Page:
There is something very organised about the students’ fasts and protests in campuses across the State. In addition to the similarity in demands, it is also clear that the protests have fed off each other. “It is not often that you see State-wide student protests. But after the pictures of Prabhakaran’s son were released, there has been a sense of unrest on campus” said R. Sundaram, a professor in an Arts College.
The mobilisation has, on the main, not been with the support of political outfits. “While in Presidency and Pachaiyappa’s, the movements are backed by organisations such as the SFI or RSFI, the Law College mostly has informal associations formed at various points of time,” said Karthik, a student activist. While some said the movement was backed by Jesuit organisations, particularly the All India Catholic University Federation, others said the influence is restricted to Loyola College alone.
In the last one week, at least four groups in support of the Tamil nationalist cause have formed in city colleges. “There have been a number of visitors to hostels, including political leaders. Even the dorms have been cleaned to host meetings where they make plans with students,” said a student of a government college. The fast at Loyola College was started by a group called Students against Genocide with representatives from Presidency College, Madras Christian College, Loyola College and Anna University. In Madurai, students said the protests were backed by a group called Students Federation for Freedom of Tamil Eelam.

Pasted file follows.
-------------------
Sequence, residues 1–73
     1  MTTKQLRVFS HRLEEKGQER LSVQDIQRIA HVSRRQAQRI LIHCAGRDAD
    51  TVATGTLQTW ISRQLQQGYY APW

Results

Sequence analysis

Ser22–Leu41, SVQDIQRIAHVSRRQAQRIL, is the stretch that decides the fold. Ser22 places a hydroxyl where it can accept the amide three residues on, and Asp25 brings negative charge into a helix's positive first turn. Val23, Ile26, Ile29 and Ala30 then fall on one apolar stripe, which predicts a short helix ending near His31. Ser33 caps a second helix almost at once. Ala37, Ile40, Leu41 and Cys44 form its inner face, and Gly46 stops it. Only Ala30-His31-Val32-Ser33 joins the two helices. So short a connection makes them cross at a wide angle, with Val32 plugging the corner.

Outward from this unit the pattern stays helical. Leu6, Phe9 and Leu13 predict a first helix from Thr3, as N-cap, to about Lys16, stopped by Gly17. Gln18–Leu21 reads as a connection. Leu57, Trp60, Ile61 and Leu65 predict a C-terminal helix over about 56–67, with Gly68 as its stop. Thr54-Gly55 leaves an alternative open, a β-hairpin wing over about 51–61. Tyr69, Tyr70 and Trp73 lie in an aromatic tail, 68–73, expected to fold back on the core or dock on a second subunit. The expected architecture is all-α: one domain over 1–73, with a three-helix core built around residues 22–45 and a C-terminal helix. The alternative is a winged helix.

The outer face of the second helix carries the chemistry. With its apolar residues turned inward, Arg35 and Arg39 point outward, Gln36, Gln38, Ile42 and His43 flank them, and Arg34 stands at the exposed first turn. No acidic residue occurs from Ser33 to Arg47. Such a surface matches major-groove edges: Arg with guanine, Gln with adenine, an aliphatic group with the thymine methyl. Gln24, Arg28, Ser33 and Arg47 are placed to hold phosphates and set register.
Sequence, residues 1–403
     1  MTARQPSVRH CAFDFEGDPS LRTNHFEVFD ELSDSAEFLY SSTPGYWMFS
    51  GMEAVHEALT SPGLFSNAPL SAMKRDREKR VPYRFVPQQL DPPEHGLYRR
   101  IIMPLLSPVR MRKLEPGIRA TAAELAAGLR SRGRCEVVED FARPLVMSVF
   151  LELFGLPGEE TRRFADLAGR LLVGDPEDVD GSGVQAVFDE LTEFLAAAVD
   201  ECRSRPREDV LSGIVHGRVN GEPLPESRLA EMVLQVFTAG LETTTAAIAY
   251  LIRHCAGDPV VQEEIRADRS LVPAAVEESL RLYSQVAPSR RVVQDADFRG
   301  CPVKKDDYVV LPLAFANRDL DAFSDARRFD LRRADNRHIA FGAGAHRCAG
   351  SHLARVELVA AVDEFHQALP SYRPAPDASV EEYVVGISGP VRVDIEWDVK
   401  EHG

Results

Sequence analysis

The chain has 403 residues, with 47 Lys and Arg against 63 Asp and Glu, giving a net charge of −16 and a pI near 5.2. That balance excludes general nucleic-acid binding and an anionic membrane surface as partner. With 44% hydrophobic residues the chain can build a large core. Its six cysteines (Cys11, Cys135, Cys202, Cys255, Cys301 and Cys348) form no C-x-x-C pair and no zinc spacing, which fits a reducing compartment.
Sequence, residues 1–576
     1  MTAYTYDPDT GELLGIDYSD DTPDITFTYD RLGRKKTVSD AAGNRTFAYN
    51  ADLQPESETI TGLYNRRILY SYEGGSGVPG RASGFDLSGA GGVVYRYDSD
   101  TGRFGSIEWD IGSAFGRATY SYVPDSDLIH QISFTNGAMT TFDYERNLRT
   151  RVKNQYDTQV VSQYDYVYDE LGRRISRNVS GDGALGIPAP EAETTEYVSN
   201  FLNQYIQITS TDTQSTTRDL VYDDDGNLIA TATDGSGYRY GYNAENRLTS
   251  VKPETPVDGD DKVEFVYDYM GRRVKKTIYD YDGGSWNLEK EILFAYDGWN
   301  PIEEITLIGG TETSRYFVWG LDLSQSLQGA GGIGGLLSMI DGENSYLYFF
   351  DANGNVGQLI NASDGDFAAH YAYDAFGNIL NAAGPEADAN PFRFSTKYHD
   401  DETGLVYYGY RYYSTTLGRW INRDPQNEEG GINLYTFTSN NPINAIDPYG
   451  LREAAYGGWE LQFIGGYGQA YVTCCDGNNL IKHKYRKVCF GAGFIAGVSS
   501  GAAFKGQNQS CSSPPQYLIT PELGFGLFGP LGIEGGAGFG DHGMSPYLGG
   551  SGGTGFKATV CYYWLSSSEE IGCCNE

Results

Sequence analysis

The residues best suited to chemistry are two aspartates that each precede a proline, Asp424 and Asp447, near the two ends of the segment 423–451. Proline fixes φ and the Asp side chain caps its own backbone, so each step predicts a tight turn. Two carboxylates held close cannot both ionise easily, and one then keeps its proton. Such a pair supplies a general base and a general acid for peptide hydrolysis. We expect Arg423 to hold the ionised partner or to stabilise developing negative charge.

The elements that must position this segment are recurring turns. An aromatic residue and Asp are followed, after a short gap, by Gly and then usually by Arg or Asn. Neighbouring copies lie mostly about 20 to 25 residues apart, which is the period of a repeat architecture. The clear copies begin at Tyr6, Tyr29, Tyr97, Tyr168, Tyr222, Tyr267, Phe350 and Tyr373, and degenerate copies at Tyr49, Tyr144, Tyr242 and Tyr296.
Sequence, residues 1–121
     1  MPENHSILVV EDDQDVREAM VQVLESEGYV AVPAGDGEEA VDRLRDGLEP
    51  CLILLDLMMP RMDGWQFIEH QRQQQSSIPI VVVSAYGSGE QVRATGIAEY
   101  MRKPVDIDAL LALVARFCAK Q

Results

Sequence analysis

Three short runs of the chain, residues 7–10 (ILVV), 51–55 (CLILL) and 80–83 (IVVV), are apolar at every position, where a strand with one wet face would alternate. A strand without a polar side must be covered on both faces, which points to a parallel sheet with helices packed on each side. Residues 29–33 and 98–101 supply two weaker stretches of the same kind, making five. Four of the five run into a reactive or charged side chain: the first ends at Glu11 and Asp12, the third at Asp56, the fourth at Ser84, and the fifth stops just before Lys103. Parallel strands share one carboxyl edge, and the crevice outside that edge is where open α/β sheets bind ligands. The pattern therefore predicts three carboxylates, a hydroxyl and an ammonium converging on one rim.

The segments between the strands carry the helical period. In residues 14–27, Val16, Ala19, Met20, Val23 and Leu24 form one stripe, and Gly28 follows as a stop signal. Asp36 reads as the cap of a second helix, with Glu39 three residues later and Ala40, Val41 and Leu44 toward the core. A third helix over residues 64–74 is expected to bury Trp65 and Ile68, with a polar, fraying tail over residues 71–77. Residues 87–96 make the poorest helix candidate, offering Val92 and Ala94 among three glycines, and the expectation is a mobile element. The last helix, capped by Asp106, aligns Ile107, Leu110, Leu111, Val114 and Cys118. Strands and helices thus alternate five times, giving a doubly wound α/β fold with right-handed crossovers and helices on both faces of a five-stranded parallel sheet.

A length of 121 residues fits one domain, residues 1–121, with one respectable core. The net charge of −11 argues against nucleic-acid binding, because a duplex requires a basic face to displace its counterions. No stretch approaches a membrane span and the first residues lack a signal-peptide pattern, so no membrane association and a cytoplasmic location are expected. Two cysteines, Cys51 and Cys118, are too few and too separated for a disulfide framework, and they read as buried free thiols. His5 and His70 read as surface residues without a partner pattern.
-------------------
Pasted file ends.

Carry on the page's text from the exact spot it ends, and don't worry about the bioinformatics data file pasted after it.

“It is very difficult to organise protests mainly because most colleges do not have politically active campuses. It is also difficult to ensure the protest is maintained. We used social media and SMSs in addition to campaigning extensively among friends and personal contacts. After a while, students of every college wanted to associate with the movement because others were already active,” said Balu, a student of Presidency College.
On Facebook, there are at least five pages on the Loyola hunger strike, wherein student associations notify members about the protests in the respective colleges
Some students expressed reservations at the implications of shutting the colleges down.
“They did the same thing when Muthukumaran immolated himself for the Tamil cause, or when students staged protests against Dharmapuri riots. Instead of suppressing student voices, the State government should listen to what they want to say,” said Ajay, a research scholar here.
Many engineering students too support the protests. There is substantial support in Anna University but the movement is being suppressed by university authorities.
“We were told to leave campus after noon today,” said a student. While most engineering colleges have not received any notification of closure, they are expecting one soon.